3. Are they a part of or endorsed by a community that you consider credible and recognizes their work and stands behind their reputation? This should not be their own organization (it could be a larger group such as a hospital, a university, a resort, a religious community, a training association, or a professional association).
  4. Do they demonstrate the 4H’s of a good spiritual teacher– Honesty, Humility, Heart-centeredness, Humor?

Tip 8 for Spiritual Fitness: Find Your Fellows

It’s a simple but powerful lesson: keep the company of like-minded and similarly intentioned people, and your goal will be easier to achieve. This doesn’t mean we should judge or reject those who are not like us, it simply means that spiritual growth is assisted by community, support, and the momentum of others headed in the same direction.

Tip 9 for Spiritual Fitness: Know When to Move On

One of the biggest challenges is to stay committed and present even when you feel like checking out and doesn’t mind whether you are struggling with a teacher, a practice, or a community. Sometimes our greatest breakthroughs come after we have found the courage to learn a little more and trust the process. In other cases, the greatest lesson is to honor your limits, your needs, and your truth. It could be harmful and dangerous if you stay too long in something that doesn’t serve. Find yourself a few friends or trusted guides to explore your feelings with, if you aren’t able to tell the difference between the good reasons for staying and the good reasons for going. You will find your answers quickly if you are honest and your counsel is reasonable.

Tip 10 for Spiritual Fitness: Live B.I.G. (with Blessing, Intention and Gratitude)

At the heart of all spiritual growth and meaningful practice is the role of your attitude and intent. The attitude you bring to your life, yourself, and your spiritual path will be reflected in what it returns to you. Amongst the many important attitudes are what I think of as “the big three.” Anchor your life, your choices, your attitude, and your practice in the big three and you will find that all the inner strength and love you seek. You can remember these three by their acronym: BIG. Just remember to live BIG:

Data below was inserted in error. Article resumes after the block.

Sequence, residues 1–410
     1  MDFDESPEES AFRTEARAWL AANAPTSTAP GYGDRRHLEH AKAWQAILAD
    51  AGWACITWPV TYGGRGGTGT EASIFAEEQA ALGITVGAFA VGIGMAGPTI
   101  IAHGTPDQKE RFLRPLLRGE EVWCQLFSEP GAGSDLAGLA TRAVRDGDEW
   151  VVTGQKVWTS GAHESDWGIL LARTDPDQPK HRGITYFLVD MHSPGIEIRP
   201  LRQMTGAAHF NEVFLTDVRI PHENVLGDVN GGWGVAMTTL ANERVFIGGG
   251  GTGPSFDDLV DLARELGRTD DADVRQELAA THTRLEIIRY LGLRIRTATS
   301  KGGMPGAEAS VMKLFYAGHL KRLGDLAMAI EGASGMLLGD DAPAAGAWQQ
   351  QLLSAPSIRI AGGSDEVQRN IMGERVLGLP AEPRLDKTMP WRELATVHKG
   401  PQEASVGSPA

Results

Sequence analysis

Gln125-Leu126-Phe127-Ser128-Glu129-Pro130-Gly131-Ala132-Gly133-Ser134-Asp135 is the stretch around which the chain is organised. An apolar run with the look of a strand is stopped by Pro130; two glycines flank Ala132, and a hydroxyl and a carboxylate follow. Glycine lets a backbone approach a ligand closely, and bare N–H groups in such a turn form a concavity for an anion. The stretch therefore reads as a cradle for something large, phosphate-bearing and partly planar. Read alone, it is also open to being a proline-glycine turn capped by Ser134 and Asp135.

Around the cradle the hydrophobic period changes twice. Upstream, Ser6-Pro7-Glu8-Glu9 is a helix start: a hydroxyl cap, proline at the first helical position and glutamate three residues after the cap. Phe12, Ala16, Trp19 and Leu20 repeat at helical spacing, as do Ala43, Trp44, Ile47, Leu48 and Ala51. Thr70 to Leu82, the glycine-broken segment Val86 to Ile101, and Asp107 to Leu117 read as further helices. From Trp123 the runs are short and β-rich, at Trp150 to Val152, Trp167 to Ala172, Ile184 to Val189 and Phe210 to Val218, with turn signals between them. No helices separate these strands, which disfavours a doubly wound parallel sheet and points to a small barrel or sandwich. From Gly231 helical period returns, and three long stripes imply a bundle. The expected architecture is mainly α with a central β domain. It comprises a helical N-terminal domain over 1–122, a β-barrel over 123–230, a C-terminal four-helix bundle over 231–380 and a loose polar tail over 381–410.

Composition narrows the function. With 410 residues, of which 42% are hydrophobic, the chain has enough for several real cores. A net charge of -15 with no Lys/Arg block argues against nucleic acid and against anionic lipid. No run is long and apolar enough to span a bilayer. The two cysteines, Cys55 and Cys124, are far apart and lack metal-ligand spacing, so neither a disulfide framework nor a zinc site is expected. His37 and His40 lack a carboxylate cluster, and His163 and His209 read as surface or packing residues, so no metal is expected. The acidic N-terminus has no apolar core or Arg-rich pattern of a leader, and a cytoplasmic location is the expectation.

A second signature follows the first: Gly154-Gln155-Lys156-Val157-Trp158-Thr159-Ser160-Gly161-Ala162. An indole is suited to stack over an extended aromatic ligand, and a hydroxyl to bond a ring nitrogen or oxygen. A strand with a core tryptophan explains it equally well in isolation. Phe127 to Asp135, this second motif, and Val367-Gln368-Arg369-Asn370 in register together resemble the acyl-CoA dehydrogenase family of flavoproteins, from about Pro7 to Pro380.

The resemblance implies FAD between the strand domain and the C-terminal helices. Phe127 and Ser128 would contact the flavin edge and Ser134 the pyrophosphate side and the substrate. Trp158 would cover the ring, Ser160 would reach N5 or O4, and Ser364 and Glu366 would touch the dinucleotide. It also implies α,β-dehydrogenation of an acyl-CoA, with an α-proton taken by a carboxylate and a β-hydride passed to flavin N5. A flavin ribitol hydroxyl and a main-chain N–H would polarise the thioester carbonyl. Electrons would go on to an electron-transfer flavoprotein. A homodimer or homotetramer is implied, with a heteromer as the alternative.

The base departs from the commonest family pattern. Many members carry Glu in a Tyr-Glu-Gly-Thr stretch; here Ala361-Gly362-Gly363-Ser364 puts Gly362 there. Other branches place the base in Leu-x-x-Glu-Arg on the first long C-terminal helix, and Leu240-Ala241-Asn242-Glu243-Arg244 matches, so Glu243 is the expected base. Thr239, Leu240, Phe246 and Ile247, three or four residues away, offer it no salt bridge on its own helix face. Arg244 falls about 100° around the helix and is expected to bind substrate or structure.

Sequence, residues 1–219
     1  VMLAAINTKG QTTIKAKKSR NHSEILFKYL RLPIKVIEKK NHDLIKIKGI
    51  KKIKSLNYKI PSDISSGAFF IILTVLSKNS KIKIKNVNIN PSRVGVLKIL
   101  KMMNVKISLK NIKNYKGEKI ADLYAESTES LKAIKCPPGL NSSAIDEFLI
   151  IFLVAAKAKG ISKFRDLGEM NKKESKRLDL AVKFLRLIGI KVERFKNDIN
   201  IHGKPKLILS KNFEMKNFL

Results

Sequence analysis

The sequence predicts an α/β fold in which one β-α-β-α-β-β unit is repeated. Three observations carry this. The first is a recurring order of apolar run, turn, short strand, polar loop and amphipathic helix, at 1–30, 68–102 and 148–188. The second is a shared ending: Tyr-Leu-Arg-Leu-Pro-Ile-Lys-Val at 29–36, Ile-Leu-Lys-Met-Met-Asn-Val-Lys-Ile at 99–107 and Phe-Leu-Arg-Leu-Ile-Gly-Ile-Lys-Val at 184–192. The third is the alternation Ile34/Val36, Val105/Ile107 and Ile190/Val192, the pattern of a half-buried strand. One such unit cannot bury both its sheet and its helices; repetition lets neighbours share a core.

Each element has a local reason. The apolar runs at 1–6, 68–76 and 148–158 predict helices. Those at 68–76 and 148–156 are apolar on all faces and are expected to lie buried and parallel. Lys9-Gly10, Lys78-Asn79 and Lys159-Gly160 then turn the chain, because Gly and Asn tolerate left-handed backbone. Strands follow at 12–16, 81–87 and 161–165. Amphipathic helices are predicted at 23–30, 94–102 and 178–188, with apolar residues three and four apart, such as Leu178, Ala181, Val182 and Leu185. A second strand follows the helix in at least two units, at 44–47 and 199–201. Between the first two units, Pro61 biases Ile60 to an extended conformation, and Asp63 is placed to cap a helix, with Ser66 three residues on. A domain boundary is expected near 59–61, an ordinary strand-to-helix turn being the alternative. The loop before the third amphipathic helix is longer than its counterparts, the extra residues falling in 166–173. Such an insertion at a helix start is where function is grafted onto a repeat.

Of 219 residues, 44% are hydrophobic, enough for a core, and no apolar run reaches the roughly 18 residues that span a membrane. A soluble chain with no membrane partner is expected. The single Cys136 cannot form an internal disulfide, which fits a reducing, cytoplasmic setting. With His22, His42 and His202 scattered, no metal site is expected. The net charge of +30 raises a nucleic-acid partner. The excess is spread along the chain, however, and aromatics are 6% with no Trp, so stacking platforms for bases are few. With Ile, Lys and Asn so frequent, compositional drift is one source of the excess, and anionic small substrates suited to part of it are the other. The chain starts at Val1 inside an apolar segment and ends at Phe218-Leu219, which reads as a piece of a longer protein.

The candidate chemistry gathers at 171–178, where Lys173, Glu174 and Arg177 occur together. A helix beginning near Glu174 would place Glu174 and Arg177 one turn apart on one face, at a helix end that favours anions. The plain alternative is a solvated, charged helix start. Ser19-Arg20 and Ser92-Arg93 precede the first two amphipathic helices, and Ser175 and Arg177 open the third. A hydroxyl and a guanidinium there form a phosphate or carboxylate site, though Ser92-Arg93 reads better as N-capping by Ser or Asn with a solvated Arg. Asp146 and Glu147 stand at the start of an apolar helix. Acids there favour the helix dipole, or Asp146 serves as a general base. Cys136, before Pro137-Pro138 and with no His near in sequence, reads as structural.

Blessing – bring a mindset of blessing to each struggle and situation you encounter. This means both to look for the blessing in each situation and to bless what you struggle with – if it doesn’t change the situation, it will change you.

Intention – attention follows focus and if you are clear in what you intend to be or create you will be more likely to find it, or attract it. Intention also gives you a reference point for your decisions, rather that react, consider your intention, then make your choice.

Gratitude – take time as often as you can to feel gratitude for whatever goodness there is in your life. Sometimes it may be for simple things and other times profound, but feeling thankful will help you to look for the best in situations and bring out a sense of peace and contentment in you.

The role of your attitude and intent is at the heart of all spiritual growth and meaningful practice. The attitude you bring to your life, yourself, and your spiritual path will be reflected in what it returns to you. Amongst the many important attitudes are, what the main are the big three. You will find that all the inner strength and love you seek in the big three by anchoring your life, your choices, your attitude and your practice. You can remember these three by their acronym – BIG:

Blessing – bring a mindset of blessing to each struggle and situation you encounter. This means both to look for the blessing in each situation and to bless what you struggle with – if it doesn’t change the situation, it will change you.

Intention – attention follows focus and if you are clear in what you intend to be or create you will be more likely to find it, or attract it. Intention also gives you a reference point for your decisions, rather that react, consider your intention, then make your choice.

Gratitude – take time as often as you can to feel gratitude for whatever goodness there is in your life. Sometimes it may be for simple things and other times profound, but feeling thankful will help you to look for the best in situations and bring out a sense of peace and contentment in you.